When you receive an order strike notice for trial, it means that the trial that was scheduled has been postponed. This usually occurs when one of the parties involved in the court action files a motion to get the trail date re-scheduled or delayed for some reason. It’s an order that is common in foreclosure cases, domestic and custody cases as well as other criminal and civil proceedings. If you are not already represented by a qualified and experienced attorney who specializes in real estate and foreclosures, you should consider consulting one. Legal terms can be confusing and overwhelming on their own, and they often have specific and nuanced meanings depending on your particular circumstances and the type of case you are involved with.

When there is an order strike notice that is not the result of a plaintiff or a defendant filing a motion, it’s possible that the judge issued the notice on his or her own. When a case is considered not ready for trial, the initial trial date can be put off. This might happen if there is some sort of disruption between the discovery phase and the actual court trial. If new evidence is discovered that might change the case or one side loses counsel, the court can decide to issue an order strike notice to delay the trial until everyone is prepared and the case can move forward.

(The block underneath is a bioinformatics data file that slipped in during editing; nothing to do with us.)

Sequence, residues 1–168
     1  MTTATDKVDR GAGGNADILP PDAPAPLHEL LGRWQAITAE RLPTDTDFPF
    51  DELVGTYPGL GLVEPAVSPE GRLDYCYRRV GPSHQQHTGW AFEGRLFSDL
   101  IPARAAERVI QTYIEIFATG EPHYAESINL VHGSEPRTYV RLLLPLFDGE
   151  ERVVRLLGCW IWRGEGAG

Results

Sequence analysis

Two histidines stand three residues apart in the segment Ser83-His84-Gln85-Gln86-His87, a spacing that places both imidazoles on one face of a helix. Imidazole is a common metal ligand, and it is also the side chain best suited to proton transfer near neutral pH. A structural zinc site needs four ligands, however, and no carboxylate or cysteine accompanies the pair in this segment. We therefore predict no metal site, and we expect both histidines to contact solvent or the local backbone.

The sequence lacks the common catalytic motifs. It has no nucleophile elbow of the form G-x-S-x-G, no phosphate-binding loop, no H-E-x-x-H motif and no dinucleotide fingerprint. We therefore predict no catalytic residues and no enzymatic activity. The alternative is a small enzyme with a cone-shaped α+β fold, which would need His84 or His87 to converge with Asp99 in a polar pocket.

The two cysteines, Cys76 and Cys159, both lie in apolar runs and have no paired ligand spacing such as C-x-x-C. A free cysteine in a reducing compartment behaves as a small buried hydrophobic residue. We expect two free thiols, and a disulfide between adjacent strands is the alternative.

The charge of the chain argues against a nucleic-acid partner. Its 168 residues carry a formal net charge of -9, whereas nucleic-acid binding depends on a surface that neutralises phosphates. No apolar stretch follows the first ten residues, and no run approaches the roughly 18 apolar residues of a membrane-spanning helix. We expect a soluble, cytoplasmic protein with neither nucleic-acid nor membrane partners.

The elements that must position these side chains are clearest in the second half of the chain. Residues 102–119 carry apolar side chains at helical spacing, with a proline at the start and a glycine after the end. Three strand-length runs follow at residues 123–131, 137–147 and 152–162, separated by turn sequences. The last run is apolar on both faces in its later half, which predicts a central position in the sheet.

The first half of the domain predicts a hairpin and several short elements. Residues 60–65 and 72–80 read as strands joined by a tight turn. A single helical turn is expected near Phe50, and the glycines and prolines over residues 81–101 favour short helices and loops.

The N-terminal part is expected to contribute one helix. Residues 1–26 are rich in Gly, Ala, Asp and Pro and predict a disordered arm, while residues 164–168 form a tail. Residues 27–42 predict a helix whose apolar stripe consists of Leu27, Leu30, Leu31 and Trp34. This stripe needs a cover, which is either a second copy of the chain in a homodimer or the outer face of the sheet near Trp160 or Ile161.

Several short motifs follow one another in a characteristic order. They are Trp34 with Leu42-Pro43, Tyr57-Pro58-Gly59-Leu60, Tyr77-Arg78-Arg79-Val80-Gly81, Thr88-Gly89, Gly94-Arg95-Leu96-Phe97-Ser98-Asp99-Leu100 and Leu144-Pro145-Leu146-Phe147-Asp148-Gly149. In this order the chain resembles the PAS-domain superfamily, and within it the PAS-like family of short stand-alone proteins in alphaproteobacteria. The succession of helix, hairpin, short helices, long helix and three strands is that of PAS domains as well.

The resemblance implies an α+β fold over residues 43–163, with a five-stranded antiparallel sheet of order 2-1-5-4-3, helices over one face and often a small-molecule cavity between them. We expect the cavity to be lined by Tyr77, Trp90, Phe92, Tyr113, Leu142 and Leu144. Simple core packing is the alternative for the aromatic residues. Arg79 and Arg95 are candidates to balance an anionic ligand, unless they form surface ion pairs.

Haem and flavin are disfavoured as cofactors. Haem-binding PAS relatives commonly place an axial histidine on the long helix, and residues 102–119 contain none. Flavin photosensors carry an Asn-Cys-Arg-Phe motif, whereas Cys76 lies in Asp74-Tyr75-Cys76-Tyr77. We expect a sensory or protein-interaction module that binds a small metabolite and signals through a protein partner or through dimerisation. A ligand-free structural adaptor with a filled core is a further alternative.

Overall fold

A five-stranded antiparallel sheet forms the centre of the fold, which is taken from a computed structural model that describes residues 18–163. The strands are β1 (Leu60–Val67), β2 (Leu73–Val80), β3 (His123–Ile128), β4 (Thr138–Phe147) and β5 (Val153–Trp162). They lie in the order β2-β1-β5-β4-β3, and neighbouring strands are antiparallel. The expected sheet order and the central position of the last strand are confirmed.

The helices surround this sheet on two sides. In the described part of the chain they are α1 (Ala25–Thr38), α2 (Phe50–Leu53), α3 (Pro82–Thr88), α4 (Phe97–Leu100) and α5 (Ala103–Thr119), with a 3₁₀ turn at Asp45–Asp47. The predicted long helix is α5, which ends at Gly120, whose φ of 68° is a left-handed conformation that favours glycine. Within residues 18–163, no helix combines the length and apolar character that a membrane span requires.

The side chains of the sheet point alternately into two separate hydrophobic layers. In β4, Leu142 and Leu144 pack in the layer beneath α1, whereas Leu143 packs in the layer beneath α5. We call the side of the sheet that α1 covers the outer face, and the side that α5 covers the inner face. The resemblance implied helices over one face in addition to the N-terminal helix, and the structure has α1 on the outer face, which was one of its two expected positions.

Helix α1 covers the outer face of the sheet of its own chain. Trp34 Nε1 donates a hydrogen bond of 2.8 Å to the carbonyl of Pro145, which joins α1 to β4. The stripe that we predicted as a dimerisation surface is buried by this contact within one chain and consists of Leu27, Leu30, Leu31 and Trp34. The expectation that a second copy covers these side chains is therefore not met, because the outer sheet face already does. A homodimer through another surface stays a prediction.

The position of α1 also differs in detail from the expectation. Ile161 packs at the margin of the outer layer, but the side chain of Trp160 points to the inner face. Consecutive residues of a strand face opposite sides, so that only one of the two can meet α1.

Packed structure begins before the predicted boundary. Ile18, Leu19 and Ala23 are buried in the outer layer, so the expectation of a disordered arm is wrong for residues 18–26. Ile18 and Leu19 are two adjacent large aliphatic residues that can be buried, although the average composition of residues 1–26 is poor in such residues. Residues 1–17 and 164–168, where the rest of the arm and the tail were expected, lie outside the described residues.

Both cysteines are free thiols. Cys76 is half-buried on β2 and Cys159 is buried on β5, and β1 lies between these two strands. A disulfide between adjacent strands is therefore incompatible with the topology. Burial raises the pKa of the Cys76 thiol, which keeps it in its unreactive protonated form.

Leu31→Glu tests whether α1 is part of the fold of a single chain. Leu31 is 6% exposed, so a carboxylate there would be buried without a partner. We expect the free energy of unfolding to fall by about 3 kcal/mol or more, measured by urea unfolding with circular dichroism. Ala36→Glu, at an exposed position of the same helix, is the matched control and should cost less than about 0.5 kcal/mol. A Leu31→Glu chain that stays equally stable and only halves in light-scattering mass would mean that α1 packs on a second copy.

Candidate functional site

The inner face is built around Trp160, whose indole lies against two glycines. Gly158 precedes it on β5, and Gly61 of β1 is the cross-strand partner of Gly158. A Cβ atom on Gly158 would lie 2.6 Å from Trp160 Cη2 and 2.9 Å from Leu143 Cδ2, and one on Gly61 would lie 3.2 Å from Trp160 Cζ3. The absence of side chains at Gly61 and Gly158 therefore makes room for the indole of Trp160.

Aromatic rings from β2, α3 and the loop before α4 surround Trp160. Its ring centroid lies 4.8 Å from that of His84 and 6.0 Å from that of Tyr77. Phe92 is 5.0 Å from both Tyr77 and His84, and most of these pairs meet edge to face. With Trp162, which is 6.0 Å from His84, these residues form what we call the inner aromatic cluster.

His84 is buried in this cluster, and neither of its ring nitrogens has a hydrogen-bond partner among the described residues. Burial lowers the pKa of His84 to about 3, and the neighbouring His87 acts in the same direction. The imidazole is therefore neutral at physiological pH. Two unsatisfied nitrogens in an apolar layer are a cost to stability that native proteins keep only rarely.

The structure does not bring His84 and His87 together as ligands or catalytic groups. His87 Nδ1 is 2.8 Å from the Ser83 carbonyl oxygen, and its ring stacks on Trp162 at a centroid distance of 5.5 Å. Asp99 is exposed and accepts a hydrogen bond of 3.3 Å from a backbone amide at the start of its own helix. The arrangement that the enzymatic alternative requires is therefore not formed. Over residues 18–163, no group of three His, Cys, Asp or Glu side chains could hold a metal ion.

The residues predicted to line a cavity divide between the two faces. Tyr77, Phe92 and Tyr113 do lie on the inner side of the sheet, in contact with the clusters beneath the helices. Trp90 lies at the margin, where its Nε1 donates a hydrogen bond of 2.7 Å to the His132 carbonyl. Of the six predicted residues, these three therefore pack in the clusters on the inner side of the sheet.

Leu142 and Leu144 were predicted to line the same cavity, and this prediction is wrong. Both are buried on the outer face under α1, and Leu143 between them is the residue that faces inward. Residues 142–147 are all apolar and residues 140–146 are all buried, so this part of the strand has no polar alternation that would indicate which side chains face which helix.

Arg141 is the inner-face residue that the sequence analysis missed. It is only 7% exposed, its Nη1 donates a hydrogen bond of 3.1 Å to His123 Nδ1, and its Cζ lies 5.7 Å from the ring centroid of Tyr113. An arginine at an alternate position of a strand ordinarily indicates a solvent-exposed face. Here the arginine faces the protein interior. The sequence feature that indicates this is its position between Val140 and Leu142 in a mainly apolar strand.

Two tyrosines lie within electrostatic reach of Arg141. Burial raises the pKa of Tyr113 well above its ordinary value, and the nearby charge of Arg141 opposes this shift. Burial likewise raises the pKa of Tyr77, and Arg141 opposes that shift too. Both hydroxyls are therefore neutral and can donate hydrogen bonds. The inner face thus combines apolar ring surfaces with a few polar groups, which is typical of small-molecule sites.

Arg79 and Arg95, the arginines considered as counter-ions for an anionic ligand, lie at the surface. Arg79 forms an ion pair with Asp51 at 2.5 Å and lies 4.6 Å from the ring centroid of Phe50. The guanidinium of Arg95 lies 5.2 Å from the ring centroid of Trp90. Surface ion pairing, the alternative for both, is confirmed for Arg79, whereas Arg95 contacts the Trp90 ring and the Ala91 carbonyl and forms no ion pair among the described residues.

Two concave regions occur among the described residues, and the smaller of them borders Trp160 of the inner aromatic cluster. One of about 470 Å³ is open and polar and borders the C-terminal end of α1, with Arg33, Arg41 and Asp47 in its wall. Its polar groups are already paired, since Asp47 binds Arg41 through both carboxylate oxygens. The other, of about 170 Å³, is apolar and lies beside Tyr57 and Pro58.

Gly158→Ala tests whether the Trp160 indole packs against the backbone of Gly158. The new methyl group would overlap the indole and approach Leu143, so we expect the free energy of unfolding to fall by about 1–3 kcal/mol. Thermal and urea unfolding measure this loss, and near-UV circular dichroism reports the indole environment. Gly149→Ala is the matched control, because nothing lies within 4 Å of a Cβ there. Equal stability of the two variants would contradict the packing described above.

If you receive an order strike notice for a trial you were expecting to start, talk to your attorney or contact the clerk of the court for further explanation. This will impact the timing of your case as well as other details involved, and it can be frustrating if you were expecting things to happen quickly and efficiently. To decrease the chance of additional surprises in the future, get an attorney to move forward.

Stephen K. Hachey, a Florida real estate attorney, can help your wade through this process and determine a positive solution. Contact him at 813-549-0096.

The opinions in this post are solely those of the author. The author takes full responsibility for the content. Like all blog posts, this is offered for general information purposes and does not constitute legal advice.

This post was written by Stephen Hachey. Follow Stephen on Google, Facebook, Twitter & Linkedin.